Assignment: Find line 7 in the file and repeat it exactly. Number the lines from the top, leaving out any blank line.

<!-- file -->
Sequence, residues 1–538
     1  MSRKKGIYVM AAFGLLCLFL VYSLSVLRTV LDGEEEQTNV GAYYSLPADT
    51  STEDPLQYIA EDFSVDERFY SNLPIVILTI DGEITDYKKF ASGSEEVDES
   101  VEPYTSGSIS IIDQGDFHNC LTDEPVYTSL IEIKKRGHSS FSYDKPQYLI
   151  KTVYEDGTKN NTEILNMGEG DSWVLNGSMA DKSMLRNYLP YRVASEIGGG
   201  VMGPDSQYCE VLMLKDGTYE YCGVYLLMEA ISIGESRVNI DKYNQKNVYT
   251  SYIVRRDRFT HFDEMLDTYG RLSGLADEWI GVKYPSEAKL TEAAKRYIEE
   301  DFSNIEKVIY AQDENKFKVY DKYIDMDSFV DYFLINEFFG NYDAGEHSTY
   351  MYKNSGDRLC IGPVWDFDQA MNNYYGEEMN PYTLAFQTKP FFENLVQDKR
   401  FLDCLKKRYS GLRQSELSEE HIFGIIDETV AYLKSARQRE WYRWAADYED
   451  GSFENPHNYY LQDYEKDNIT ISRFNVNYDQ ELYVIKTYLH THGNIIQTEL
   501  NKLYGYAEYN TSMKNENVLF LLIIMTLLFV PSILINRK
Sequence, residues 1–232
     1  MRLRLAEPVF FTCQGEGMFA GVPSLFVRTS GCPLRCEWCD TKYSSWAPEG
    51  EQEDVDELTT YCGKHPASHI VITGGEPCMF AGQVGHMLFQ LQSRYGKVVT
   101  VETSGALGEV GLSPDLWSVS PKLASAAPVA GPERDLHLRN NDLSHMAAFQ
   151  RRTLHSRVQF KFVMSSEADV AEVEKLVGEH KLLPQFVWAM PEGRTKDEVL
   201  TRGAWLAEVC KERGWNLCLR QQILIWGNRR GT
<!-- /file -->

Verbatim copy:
   251  SYIVRRDRFT HFDEMLDTYG RLSGLADEWI GVKYPSEAKL TEAAKRYIEE